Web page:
“Don’t run off like that, you coul— ”

            “I need the bread now, sir.”

            The man sighed, and handed him the bread. Pushing the boy over, he sat down next to him, stretching his arms along the back of the bench. As he carefully watched the seagull wind around the bench legs, the boy cocked a piece of bread behind his ear.

            “You’ve never seen the ocean before, have you Peter?”

            As the seagull neared the edge of the boardwalk, Peter flung his piece of bread. The seagull swiftly evaded it and flew out to sea as if he had planned on the departure all along.

            “Don’t toss the bread so hard; you have to let it go gentle. Always let the seagull come to you. See, like th—”

            “Where’d my bread go?”

            “It tumbled off the side. I said you have to be gentle, remember?”

            “Is it dead?”

            “Is what dead?”

            “The bread.”

            The man chuckled.

            “Is it one of those kinds of questions?”

            The man cracked a smile and coughed. “No, no – the bread is fine. It can float, you know. It’ll probably drift away at sea for a few days, but then some lucky seagull will pick it up and eat it.”

            The young boy looked down and began to cry.

            “Don’t cry, now,” the man said gently. “You were going to feed it to a seagull, anyway, now weren’t you?”

            “But I wanted to feed it to that seagull.”

            The man swallowed hard, and began to speak flustered, “Well what does it matter if it’s not the same seagull? One seagull’s just as good as the next isn’t it? You can’t tell me that there’s something special about that seagull. You don’t know all the seagulls in the world, do you? Can’t you just know that sometime, somewhere that bread will be eaten, and that’s all there is to it?”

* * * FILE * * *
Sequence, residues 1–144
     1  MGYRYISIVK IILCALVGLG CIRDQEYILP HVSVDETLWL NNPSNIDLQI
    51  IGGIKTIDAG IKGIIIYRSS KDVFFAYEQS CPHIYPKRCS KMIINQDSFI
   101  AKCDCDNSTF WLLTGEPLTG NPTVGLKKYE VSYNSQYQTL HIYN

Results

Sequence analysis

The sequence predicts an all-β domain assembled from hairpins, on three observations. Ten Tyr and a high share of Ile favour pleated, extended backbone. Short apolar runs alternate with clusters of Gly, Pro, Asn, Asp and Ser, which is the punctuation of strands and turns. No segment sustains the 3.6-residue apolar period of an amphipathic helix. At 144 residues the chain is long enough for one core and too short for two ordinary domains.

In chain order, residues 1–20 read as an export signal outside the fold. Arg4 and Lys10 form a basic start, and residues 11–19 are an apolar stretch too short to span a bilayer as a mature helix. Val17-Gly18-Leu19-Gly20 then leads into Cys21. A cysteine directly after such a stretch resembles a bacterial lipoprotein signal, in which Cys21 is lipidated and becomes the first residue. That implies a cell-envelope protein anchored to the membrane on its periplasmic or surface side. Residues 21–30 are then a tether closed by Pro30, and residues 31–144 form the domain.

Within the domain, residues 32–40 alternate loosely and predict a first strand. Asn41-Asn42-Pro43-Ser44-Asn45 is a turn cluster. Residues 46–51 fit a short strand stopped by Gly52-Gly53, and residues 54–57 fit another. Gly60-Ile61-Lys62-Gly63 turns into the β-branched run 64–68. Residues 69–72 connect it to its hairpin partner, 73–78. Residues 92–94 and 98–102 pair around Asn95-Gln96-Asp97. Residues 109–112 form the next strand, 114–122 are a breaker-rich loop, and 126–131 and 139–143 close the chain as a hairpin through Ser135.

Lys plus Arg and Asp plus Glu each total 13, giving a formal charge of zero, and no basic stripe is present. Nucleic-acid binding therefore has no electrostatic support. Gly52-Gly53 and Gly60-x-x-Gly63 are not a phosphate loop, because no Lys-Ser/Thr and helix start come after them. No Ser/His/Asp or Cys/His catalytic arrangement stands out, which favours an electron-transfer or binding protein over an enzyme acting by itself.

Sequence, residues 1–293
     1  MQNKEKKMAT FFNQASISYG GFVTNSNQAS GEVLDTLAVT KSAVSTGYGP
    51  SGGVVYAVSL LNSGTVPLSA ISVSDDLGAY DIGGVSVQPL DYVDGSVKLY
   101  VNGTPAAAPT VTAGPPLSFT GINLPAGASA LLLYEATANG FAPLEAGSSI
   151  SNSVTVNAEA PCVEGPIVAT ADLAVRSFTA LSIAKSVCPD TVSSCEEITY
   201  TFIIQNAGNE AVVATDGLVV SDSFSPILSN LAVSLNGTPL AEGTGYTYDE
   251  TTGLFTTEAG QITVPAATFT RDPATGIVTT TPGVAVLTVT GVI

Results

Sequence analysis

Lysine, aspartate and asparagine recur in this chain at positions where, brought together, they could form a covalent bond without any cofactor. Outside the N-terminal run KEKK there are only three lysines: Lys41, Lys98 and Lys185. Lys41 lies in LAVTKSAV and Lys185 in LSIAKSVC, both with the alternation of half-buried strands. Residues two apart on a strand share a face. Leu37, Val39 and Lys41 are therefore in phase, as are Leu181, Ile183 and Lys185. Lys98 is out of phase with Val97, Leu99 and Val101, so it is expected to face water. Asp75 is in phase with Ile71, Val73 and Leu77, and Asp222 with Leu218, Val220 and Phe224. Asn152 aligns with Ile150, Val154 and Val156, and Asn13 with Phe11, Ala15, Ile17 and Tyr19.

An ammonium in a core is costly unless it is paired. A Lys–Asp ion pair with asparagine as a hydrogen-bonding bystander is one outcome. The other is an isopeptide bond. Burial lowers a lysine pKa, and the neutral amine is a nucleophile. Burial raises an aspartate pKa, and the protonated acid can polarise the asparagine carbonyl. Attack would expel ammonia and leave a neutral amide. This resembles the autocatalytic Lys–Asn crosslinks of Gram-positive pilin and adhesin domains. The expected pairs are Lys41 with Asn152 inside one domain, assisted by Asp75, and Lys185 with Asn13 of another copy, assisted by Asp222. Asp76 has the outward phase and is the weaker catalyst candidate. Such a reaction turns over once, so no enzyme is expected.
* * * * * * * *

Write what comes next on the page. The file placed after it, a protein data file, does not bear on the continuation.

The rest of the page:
The boy looked away from his father and stopped crying. He began swinging his legs, listening closely to the trickle of waves underneath him, breathing deeply.

            “I like cotton candy,” he said finally.

            His father’s expression drew stoic. “I can get you some if you’d like,” he said quietly.

            The boy nodded ponderously. “I’d like that.”

            “Here,” the man said, carefully tearing off a small piece of bread and handing it to the boy. “Try and see how many birds you can get around you.”

            The boy watched as the man walked across the boardwalk and around the corner of a boathouse, and then began to cry. He sat and doused the bread in his tears until the soggy wheat oozed through his fingers and fell onto the boardwalk. As the sun began to set on the calm of the sea, a concerned sailor walked over to the little boy.

            The man, however, had long since departed. He had walked around the corner of the boathouse, broken into a brisk stride, and ran. The little boy never saw the man again.


DASH ELHAUGE is a sophomore in an as of yet to be determined major at Brown University. When he's not writing he is generally drinking beer, attempting to locate his glasses, or trying to find access points to roofs of school buildings. Right now he is probably watching Adventure Time and fiddling around on his guitar, if we're being perfectly honest here. He would like to thank Synecdoche for publishing his old stories.